• reviewing and making recommendations for changes to agency policies, practices, and procedures.  If the agency declines to implement any of the board's recommendations, it must produce a written public record detailing its rationale;
  • reviewing internal investigations for accuracy, completeness, impartiality, and sufficiency of any resulting discipline;
  • making budgetary recommendations to the local legislative body concerning future appropriations to the law enforcement agency;
  • accessing crime scenes and related administrative investigations, including preliminary evidence and other information, as needed, provided that such access is in a manner that protects the integrity of the crime scene or investigation.  The board's access must not be more limited than the access granted to the press;
  • making public reports on the activities of the board;
  • selecting qualified candidates for any vacancy in the position of chief of police.  In the event of a vacancy, the board must compile a list of four qualified candidates within 60 days, and the new chief must be selected from this list; and
  • undertaking other duties, as identified by the local jurisdiction, that are reasonably necessary for the board to effectuate its purposes.

Each local jurisdiction must establish the policies and procedures for its community oversight board including, at a minimum, policies and procedures for:  the number of board members; composition and appointment of membership; meetings and hearings; communication with the public and receipt of complaints; access to files, records, and other information, and requirements for maintaining any confidentiality of those documents; and the performance of the board's duties and other functions.  Boards must maintain multiple methods for submitting and reviewing the status of complaints, including both online and in-person methods.  The board may retain legal counsel, paid by the local jurisdiction, to represent it in all cases, hearings, controversies, or matters involving its interests.  The board's annual budget must be equal to or greater than 5 percent of the total funds allocated in the local jurisdiction for law enforcement purposes.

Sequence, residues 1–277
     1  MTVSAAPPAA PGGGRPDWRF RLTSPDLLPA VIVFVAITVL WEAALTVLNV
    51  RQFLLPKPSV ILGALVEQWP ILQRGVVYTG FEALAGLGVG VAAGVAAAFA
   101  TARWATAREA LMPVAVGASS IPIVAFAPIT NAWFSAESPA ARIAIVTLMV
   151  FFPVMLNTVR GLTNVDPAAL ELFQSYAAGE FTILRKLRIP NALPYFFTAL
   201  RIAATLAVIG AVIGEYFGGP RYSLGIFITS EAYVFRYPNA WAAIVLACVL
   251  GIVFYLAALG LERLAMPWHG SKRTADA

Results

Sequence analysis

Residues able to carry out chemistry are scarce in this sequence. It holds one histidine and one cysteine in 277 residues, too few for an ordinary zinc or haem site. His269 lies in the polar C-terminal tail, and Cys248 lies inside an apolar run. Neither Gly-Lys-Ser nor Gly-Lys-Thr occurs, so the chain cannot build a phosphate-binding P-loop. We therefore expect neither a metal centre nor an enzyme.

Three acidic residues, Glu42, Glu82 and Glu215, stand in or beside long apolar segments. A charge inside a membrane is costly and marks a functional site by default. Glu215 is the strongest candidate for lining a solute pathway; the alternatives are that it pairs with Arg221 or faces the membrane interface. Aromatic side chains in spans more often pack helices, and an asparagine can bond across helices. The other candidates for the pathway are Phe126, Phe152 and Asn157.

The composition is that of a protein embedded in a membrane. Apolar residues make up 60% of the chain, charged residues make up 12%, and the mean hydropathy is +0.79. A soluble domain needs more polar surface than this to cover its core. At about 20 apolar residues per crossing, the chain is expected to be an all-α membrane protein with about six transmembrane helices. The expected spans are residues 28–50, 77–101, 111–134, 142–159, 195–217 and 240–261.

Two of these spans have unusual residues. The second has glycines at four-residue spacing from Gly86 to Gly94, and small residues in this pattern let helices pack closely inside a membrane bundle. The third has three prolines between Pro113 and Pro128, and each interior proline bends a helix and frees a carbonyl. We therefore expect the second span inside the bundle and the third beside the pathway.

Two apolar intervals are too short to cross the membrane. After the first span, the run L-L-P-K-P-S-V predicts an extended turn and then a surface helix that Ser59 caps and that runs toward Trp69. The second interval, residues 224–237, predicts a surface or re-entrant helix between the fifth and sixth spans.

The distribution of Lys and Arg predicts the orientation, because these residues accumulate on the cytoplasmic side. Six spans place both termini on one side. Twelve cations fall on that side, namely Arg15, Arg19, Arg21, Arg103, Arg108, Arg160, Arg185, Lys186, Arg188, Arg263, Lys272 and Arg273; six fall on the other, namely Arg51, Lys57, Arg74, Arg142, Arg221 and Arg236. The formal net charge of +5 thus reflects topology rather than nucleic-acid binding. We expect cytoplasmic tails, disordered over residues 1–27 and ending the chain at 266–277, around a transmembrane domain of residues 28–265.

A portion of a community oversight board's positions must be filled by members of the public through a public posting and application process.  A community oversight board must, whenever possible, reflect the diversity of the community in which it is located and include members of families affected by law enforcement violence, justice-involved individuals, and representatives of civil rights advocacy organizations.  Certain persons are ineligible to serve on a community oversight board, including:  law enforcement officers and employees; immediate family members of law enforcement officers; and persons who receive payment pursuant to contract with, or work for an entity that receives payment pursuant to contract with, the law enforcement agency that the community oversight board oversees.  
The requirements for the powers, duties, and structure of community oversight boards apply to any newly created board.  Local jurisdictions with a similar oversight body in place at the time the bill takes effect must bring the body into compliance with the community oversight board framework by January 1, 2022, except to the extent that full compliance would violate a federal consent decree or other mandate.  "Similar oversight bodies" include any law enforcement oversight or advisory bodies that are external to the law enforcement agency being overseen, and may include, but are not limited to, police ombudsman offices and citizen advisory, review, and oversight boards.
Local jurisdictions must report their compliance with the community oversight board requirements to the Washington Association of Sheriffs and Police Chiefs (WASPC) by the full compliance date of January 1, 2025.  The WASPC must compile the information into a report to the Legislature by March 1, 2025.

Appropriation: None.
Fiscal Note: Requested on January 21, 2021.
Effective Date: This bill takes effect 90 days after adjournment of the session in which the bill is passed, except for section 5, relating to the requirements for selection of candidates for Chief of Police following the bill's implementation period, which takes effect January 1, 2025.